Legislation enacted in 1980 left open the possibility of developing the oil-rich part of ANWR, subject to future congressional approval. That approval is long overdue. Several bills, such as the American Energy Independence and Security Act (S. 2758) and the American Energy Independence and Price Reduction Act (H.R. 6107) would allow ANWR leasing to commence.
Although the high price of oil is far and away the biggest reason for the increases at the pump, unnecessarily high refining costs are also a contributor. No new refinery has been built in the U.S. in over 30 years, and expansions at existing refineries have at times struggled to keep pace with rising demand. Part of the reason refinery expansion has halted is the extremely costly, complicated, and time-consuming maze of federal regulatory requirements affecting refineries.
Reasonable efforts to streamline and expedite the refinery expansion process are included in such bills as the Refinery Permit Process Schedule Act (H.R. 6139) and the American Energy Production Act (S. 2973).
Potentially hundreds of billions of barrels of oil lies trapped in layers of shale beneath parts of Colorado, Utah, and Wyoming. The most promising areas are under federal lands and are subject to DOI control. Attempts to extract this oil in the 1970s and early 1980s were a failure, but improvements in technology, combined with today's sky-high price of conventional oil, justify giving this alternative source a second look. Pursuant to provisions in the 2005 energy bill, several companies are conducting oil shale test projects.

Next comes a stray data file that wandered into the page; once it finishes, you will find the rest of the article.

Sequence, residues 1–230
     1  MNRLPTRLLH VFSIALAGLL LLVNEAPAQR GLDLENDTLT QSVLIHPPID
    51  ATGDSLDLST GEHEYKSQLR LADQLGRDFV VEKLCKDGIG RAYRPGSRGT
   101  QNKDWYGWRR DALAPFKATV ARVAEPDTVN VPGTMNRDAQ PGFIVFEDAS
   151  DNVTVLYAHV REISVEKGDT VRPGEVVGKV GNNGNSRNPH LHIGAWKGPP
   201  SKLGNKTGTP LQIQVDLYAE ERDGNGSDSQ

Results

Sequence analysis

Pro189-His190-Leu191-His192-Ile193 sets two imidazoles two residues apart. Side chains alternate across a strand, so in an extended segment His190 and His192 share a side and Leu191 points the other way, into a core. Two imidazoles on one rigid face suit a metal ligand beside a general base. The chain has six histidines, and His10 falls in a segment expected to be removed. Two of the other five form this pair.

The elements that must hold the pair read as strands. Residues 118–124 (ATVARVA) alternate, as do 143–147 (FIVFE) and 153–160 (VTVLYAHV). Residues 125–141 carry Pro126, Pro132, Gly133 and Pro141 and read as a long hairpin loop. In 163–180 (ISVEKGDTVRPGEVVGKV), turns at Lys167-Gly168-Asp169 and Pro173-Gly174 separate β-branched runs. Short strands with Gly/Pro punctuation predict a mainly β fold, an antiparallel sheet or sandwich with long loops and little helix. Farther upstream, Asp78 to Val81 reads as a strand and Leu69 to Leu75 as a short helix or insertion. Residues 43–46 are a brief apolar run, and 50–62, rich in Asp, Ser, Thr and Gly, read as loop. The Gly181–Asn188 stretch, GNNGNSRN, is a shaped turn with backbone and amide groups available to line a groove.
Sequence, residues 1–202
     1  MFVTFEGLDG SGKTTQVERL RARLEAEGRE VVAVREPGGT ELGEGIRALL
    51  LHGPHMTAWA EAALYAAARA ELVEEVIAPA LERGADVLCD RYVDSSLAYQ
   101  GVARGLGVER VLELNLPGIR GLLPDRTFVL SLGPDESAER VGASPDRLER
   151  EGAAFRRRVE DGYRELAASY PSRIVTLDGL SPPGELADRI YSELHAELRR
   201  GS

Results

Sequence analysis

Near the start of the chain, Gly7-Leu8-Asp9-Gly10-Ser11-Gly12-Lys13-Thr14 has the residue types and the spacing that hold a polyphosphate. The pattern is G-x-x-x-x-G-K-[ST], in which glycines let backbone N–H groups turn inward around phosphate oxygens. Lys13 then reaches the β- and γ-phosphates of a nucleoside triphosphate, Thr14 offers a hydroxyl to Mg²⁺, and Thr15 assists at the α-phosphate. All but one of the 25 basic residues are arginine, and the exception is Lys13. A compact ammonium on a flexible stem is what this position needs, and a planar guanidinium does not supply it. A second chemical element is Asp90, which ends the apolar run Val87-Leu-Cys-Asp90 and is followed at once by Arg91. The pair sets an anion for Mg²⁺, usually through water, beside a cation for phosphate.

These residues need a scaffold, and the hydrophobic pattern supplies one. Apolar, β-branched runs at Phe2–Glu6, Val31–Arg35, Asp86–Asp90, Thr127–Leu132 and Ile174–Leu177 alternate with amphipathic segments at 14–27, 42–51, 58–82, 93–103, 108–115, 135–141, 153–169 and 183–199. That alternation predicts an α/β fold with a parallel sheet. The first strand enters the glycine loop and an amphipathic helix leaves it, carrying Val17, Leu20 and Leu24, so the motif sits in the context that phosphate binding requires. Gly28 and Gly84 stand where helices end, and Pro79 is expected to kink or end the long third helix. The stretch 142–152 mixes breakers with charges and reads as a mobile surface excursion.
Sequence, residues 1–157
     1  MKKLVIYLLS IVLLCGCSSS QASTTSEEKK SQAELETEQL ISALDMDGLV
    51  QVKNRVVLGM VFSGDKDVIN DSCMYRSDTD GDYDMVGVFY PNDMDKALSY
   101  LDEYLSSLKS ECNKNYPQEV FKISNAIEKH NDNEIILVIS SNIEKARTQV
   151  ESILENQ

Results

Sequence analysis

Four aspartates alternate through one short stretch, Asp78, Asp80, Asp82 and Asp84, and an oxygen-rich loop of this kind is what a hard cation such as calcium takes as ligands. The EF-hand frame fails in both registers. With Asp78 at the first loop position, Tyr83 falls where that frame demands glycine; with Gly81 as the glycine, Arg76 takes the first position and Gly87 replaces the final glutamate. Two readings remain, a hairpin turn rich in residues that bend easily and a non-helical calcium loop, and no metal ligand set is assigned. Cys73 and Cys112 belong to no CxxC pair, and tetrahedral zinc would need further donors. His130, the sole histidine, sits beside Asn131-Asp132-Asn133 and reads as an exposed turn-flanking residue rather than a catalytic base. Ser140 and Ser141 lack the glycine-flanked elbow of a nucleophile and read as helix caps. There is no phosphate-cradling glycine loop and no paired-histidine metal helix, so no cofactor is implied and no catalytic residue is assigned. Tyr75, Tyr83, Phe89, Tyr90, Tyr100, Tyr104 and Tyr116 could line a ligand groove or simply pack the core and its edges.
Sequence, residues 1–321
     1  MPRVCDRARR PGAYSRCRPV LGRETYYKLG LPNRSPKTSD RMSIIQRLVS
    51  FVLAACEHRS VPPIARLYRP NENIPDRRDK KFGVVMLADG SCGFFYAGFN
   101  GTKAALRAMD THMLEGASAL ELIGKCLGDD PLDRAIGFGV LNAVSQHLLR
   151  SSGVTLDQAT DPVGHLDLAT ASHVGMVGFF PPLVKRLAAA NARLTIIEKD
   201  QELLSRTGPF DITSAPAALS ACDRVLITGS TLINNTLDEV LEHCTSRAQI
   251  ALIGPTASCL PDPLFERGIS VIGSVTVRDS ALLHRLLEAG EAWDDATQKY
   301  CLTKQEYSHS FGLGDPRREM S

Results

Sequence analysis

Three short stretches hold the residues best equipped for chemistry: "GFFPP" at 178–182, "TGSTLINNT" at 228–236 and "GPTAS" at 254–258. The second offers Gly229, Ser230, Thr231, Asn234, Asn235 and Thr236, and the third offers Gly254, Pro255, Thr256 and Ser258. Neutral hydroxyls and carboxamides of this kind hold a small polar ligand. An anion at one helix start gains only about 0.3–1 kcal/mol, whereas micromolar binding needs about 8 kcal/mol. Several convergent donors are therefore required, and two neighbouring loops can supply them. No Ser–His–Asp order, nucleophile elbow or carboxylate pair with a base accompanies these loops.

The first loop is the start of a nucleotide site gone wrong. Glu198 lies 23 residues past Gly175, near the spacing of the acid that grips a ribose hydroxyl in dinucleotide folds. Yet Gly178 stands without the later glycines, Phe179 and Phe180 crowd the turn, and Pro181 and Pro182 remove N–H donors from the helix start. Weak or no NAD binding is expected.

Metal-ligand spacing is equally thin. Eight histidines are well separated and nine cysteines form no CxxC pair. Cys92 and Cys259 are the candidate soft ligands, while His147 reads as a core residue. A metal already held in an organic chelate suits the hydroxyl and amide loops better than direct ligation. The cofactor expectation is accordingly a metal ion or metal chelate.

Similar to the restrictions on offshore energy, Congress placed a moratorium on DOI spending on the regulatory activities necessary for these projects to continue. Several bills, such as The Oil Shale Opportunity Act (H.R. 6211) and the Oil Shale Regulatory Act (S. 3062) would repeal these restrictions and allow the oil shale research and development to move ahead.
Since 2007, bills like the recently defeated Consumer-First Energy Act (S. 3044) have become common. The problem with these bills is simple: the only energy they contain is in their titles. Their substance is actually anti-energy.